Loving Local

Up for an awesome adventure holiday? Head to the Eastern Cape

The Eastern Cape may seem like SA's tourism sidekick. Yet the province is filled with history, adventure and beauty, as Graeme Hosken discovers

02 September 2018 - 00:00 By Graeme Hosken
Plant your feet, or plant your face, sandboarding down the Alexandria Dunes, just outside PE.
Plant your feet, or plant your face, sandboarding down the Alexandria Dunes, just outside PE.
Image: SA Tourism

Within minutes of landing in PE, I was figuratively smacked in the face with a solid Mike Tyson upper cut, which shut up all my questions.

The Eastern Cape's hidden gems, without too much searching or damage to one's bank cards, spilt forth the moment I stepped off the plane.

She dragged me out of bed at 3am on a cold Monday, and I hadn't even met her yet.

Hypnotised and in a dreamlike state, I made my way through the throng of early morning Joburg airport traffic.

I'm a crime reporter, used to blood, and gore. I knew nothing about the Eastern Cape, other than the bloody struggle the province's inhabitants played in our country's fight for democracy.

Go explore, said my bosses. Take a load off and breathe. See what there is too see.

I was circumspect. Was this local yokel, with 800km of rugged coastline and hundreds of kilometres of rivers and waterways, going to be what it claimed to be? Or was it just a forgotten backwater, deprived of the dazzling lights of the country's big cities, with nothing to offer?

With sun, sea, sand, bush, rivers, historical treasures and a sense of carefree abandonment, this baby is more than just a fling on the side.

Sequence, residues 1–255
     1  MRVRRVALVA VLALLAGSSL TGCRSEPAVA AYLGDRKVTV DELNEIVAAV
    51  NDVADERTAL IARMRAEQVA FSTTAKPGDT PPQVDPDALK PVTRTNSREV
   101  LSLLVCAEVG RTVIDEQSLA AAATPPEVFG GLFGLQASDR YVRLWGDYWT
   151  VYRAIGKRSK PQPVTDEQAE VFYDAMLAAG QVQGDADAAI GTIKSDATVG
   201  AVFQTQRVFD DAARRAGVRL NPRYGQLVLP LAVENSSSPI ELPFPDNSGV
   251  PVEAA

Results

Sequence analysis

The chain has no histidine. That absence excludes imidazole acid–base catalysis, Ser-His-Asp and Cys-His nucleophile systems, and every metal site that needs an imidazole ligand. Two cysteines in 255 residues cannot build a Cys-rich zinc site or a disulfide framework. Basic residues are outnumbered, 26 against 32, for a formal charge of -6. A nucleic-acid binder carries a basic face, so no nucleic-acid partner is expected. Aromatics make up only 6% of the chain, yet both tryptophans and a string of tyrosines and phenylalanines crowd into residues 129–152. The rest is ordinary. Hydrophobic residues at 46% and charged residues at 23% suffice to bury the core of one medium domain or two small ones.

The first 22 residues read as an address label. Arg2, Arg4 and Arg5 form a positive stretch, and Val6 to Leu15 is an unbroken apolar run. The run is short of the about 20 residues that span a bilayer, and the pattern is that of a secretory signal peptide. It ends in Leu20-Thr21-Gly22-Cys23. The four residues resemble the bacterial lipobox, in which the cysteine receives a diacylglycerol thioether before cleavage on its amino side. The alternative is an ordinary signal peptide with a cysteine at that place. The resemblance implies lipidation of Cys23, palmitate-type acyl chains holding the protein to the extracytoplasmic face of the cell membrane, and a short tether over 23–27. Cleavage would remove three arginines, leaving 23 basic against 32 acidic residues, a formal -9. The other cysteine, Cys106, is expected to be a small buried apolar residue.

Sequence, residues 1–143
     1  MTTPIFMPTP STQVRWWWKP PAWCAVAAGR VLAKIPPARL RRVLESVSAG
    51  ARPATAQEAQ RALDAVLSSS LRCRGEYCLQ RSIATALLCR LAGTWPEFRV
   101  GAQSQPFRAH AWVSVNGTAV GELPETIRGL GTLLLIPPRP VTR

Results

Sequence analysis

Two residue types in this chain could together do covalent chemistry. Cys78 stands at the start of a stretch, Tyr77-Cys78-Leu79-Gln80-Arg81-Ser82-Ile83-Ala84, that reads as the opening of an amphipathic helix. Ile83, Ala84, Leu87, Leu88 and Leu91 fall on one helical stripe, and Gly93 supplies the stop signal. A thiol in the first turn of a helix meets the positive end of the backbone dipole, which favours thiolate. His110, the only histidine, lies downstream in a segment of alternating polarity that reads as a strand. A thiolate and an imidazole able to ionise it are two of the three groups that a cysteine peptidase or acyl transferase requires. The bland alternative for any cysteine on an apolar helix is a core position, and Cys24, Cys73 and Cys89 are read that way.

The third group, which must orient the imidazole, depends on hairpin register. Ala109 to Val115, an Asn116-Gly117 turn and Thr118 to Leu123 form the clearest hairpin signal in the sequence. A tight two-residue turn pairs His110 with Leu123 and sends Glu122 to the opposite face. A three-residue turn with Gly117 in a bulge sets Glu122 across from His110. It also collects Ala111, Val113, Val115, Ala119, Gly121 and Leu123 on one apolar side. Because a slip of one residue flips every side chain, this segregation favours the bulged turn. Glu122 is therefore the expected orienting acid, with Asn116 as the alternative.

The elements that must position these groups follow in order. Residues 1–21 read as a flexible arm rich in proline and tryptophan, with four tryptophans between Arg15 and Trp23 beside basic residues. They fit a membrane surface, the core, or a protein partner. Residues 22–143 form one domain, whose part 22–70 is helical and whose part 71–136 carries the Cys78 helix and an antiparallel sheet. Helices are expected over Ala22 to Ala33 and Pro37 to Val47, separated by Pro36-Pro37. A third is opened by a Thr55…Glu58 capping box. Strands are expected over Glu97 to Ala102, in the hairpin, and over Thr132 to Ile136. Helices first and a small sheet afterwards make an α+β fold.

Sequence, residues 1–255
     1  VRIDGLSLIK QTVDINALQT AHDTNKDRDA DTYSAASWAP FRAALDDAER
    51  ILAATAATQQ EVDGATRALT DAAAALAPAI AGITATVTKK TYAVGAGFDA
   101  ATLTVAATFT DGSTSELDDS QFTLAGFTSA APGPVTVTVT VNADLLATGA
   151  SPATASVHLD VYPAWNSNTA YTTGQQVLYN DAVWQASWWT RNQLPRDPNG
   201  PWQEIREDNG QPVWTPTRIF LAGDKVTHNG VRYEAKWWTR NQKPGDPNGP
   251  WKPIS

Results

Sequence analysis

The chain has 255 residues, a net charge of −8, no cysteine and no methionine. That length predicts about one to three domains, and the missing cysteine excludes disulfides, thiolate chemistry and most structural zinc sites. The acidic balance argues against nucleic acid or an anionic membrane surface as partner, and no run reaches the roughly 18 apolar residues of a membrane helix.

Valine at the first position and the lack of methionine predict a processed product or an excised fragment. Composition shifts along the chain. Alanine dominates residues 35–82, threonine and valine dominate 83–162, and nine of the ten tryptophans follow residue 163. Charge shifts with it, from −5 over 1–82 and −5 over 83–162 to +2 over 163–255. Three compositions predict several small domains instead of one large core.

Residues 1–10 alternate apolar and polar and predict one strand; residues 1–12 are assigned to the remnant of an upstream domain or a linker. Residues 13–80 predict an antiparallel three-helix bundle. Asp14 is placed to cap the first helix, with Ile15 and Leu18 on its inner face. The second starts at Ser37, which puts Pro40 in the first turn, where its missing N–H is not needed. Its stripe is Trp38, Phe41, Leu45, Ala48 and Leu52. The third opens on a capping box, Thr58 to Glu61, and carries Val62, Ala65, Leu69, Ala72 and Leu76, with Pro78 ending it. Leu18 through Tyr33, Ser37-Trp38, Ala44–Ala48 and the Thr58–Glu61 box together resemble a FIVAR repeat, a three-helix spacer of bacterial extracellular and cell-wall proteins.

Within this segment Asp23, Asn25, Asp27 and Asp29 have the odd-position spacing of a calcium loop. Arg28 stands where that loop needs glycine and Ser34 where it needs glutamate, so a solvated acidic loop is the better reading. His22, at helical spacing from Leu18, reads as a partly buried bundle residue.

It's a place that teases, leaves you wanting more, and shows why exploring is the name of the game. And I didn't even need a passport.

"You want adventure? We will give you adventure," laughed Lloyd Mthembu, our host at Port Elizabeth's Black Impala Tshisanyama, a local-is-lekker braai spot on the city's outskirts. "You want relaxation? We will give you body-melting relaxation. Our province does not disappoint."

He was right. Oh, so right.


Route 67 - which symbolises the 67 years of former president Nelson Mandela's struggle for freedom - is a historical and artistic gem.

Starting among the decay of abandoned buildings - caused by the lack of foresight by apartheid-era road planners in the '70s - it takes one through both familiar and little-known sites of inner PE.

It leads the curious from the city's harbour and railway-station entrance, where the Campanile bell tower - which every day commemorates the arrival of the 1820 Settlers with the country's largest carillon of bells, while the tower's frieze celebrates those who lived in the region before the colonists arrived.

The Campanile bell tower in Port Elizabeth.
The Campanile bell tower in Port Elizabeth.
Image: Supplied

It heads on to the highest point in the city, the Donkin Reserve. The flag pole at the Donkin Reserve is the highest in the country, standing at 68m, with the biggest South African flag in the world, measuring 12m x 8m, flown from it.

Here, you will also find the country's only and strangely out-of-place pyramid, a monument built by Sir Rufane Donkin, the European founder of Port Elizabeth, in honour of his wife, Elizabeth.

Throughout the journey to the top, the route - part of the greater Nelson Mandela Bay Arts Journey - is marked by poignant quotes penned by Mandela during his struggle for democracy.

For guide Lungelo Ngabaza, knowledge and acceptance of all the country's history is vital if we are to successfully move forward as a nation.